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lefthandwind
06-05-2012, 04:43 AM
Hey guys,

First post here.

I have an ambition in 2013 to take on what i have been wanting to do for many many years and that is to make a fishing film based in Australia, showcasing and documenting some of our most spectacular and far removed places targeting the largest fish of the species in AUS.
You may be familiar with fly fishing films from America which is the style i want to try and replicate.
I am very in tune with the fishing side of things and the editing side of things but i'm not exactly sure what sort of cameras etc to get for the job.

To give you an idea this is the sort of style i am after
http://vimeo.com/27267942

I'm looking for recommendations from people in the know as to what sort of camera to use, any stabilizers (steadicams etc) basically anything i will need to get this ball rolling.

I was thinking about shooting with DSLR and i'll probably still use one or two but having to continually adjust the focus is not something i want to be doing.

I'm looking at spending up to $5000 on the camera plus any other equipment i will need (glidecams etc)
I do not want a tape based camera!

Look forward to your opinions and i can't wait to start this project!

Cheers
LHW

morgan_moore
06-05-2012, 05:12 AM
If you want a 'cinematic' look you are probably going to be using a larger chipped camera this will make continual adjustment of focus a requirement.

The camera for you is the sony FS100 - unlike a DSLR it has litle moiree (big problem on water) , onboard xlr sound and also 60FPS slomo that will smoothen out some rougher shots - and make catches and other fast action more capturable and understandable

The FS100 has an 18-200 kit lens that offers a form or semi reliable auto focus and image stabilisation , mixing this lens with some cheap prime lenses you can creat a very versativle lens package

The big let down of the sony FS100 is the lack of onboard ND filtration, to get onboard ND you will need to consider upping your budget to a sony F3, canon C300 or the upcoming sony FS700 - these cameras will push you over budget

Getting onboard ND is also available in the AF100 from panny - a very cheap camera right now

For support you will need sticks to do telephoto work from the shore and probably a shoulder mount to operate in the boat and maybe a stabilizer (glidecam/blackbird) to operate while a boat is moving fast

Of course if you are less concerned with the cinematic look you could consider an easy to focus small chip video camera such as the EX1r or Canon Equivilent

A go-pro is a happy addition to any shoot being waterproof and offering interesting POVs

You will of course need to consider power, keeping the gear dry, media, sound aquisition and other factors that will also eat your budget...

S

lefthandwind
06-05-2012, 04:47 PM
Thank you for your recommendations!
I have been looking at the FS100 after reading your posts.
Am i right in understanding that some lenses will AF and some will not?
How hard is it to focus using a follow focus on the FS100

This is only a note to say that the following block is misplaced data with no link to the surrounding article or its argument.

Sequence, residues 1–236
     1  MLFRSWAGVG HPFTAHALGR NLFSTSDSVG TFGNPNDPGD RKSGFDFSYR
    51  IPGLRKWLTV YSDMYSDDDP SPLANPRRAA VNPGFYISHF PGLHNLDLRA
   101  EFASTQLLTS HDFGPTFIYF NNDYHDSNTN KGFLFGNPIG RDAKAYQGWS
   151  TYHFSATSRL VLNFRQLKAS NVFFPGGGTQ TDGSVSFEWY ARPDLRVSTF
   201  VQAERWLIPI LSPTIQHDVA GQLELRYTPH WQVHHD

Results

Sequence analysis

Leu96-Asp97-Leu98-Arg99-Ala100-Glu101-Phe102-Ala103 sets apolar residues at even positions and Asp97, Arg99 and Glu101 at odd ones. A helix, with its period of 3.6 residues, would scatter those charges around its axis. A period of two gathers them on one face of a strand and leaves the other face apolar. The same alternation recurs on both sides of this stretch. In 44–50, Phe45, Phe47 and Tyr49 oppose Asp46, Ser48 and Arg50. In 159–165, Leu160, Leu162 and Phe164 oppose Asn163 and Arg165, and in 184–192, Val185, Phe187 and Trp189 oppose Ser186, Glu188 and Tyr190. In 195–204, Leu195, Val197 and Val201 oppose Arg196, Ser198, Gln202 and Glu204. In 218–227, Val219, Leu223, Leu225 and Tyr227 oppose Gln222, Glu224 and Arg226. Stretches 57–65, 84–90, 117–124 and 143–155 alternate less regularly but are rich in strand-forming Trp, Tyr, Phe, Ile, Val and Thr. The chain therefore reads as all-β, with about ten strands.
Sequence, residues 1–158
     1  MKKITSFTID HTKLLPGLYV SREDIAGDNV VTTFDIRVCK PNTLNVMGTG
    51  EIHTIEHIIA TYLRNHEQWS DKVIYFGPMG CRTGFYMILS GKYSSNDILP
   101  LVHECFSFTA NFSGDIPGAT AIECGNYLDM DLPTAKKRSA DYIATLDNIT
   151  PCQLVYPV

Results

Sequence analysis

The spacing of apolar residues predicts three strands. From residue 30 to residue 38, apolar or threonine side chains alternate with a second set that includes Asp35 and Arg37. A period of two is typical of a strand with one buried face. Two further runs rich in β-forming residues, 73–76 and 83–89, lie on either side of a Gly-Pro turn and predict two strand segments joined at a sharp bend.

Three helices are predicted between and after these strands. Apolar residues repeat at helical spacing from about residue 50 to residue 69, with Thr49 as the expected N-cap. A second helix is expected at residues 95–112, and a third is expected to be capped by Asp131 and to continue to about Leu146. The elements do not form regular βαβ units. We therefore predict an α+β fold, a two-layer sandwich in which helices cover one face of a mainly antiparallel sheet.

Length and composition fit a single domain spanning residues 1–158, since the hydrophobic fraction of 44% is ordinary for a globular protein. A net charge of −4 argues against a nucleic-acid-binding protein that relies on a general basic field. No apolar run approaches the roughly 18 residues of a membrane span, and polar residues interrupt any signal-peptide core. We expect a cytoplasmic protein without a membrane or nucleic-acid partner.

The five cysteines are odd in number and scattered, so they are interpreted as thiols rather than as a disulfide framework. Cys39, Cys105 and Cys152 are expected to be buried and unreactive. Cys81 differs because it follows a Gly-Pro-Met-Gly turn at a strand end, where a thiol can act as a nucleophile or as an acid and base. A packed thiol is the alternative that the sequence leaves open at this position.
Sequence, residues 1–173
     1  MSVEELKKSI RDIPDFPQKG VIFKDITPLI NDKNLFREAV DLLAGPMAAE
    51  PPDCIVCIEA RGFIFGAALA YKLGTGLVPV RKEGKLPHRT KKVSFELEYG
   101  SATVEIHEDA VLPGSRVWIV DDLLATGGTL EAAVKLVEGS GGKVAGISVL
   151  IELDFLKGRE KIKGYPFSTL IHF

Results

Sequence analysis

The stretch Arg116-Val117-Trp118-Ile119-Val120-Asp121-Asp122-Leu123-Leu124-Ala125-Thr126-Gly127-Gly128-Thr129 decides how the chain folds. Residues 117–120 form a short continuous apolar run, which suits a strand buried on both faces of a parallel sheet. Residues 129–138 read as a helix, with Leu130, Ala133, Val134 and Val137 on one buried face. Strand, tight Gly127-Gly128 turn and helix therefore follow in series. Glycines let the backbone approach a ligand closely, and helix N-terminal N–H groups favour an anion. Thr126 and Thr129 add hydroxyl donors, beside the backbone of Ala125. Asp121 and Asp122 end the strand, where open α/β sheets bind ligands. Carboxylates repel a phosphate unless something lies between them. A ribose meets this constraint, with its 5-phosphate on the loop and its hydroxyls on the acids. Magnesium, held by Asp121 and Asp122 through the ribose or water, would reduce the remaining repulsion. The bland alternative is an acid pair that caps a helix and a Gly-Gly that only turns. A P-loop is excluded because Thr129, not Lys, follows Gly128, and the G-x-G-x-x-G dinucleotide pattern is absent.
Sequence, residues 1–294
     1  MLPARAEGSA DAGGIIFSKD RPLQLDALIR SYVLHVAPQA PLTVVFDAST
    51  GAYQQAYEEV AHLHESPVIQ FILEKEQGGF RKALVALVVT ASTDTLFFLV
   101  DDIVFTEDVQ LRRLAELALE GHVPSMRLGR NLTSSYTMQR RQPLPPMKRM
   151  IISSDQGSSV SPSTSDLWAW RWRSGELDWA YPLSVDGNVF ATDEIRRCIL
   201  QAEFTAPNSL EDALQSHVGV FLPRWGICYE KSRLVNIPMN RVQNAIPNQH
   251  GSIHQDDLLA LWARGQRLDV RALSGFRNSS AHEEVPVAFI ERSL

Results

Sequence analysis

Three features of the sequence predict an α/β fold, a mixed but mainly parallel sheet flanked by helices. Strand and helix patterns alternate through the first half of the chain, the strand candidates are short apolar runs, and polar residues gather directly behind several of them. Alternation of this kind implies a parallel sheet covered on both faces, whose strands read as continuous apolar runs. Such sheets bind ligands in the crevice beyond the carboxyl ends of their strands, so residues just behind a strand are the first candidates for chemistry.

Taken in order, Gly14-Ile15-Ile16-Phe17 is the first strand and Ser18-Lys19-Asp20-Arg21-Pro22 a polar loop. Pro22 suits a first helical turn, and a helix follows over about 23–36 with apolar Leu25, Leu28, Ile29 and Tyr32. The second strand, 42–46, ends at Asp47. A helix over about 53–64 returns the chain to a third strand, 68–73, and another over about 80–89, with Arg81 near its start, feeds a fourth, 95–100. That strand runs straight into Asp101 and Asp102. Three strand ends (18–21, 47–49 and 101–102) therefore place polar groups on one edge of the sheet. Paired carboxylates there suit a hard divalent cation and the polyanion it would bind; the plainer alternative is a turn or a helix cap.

What sort of shoulder mount do you recommend?
I've got plenty of GoPro's as this is something im quite familiar with and already do quite a lot of shooting with.

groveChuck
06-09-2012, 01:31 PM
The video you posted is one of the best shot/edited fishing videos I've seen- very impressive.

Impressive fishing too- fly fishing for tarpon, no less!

In the comments, they say they used "Canon Dslr's, Sony Camcorders, and a few other toys."

The sun in the Florida Keys, where that was shot, is very strong. They would have had to use NDs on the DSLRs, either on the lens or a matte box.
If you have strong sun in your part of Australia, NDs are par for the course.

I would think the AF100 would be well-suited to this. Larger sensor (but not ridiculously shallow DOF), onboard ND and audio.

I'm not sure what you'd need a stabilizer for- the example appeared to be mostly handheld on one boat and tripod on a second chase boat filming the first boat- 2 main cameras with some GoPro, also.
Just guessing, but they probably used 5D on the fishing boat and an EX1 on the chase boat (for the wide zoom range), with a second DSLR on the chase boat, too.

You might have better luck with replies in another section of the forum.
Good luck with your project!

KINOKS
06-18-2012, 03:03 AM
Not one camera is going to be perfect. It's better to have a multitude choice of cameras.

If I were you I would get a small chip camcorder and a DSLR preferably Panasonics GH2.
If you would need 2 cameras just for the sake of shooting with 2 cameras simultaneously
and a big chip is needed I would go for a AF100 and GH2 combo. Same lenses, same chip... Don't know if you would
come under 5k though. You didn't mention if you are VAT registered. If not 5k is not a lot of money.

Otherwise an even cheaper option would be to buy a used Panasonic HMC150 and combine it with a GH2. This would IMHO make
a nice low budget combo capable of producing nice results. You got the small chip for run and gun and a big chip for everything else.
This is my recommendation. GH2 has the best image quality in my opinion and is the cheapest:)

Prendi
07-03-2012, 04:02 AM
If you're on a limited budget, I would personally save money on the camera and spend it on glass. I decided to go with a GH2, M43 to PL adapter and the RED 18-50 and 50-150. Best decision I ever made. I guess the set up cost me around 7k. 500 of that was the camera cost.

I was waiting for the perfect camera, so I thought I'd make do with the GH2. Turns out the GH2 is pretty perfect unless you have the money for something like the Epic.

KINOKS
07-06-2012, 01:51 AM
You got both the RED zooms for under 7k? That's cheap...

Prendi
07-07-2012, 12:44 AM
Yeah I was super lucky. 50-150 cost €4000 (was never used!) and the 18-50 cost €2500. If you shop around you can find some sweet bargains :)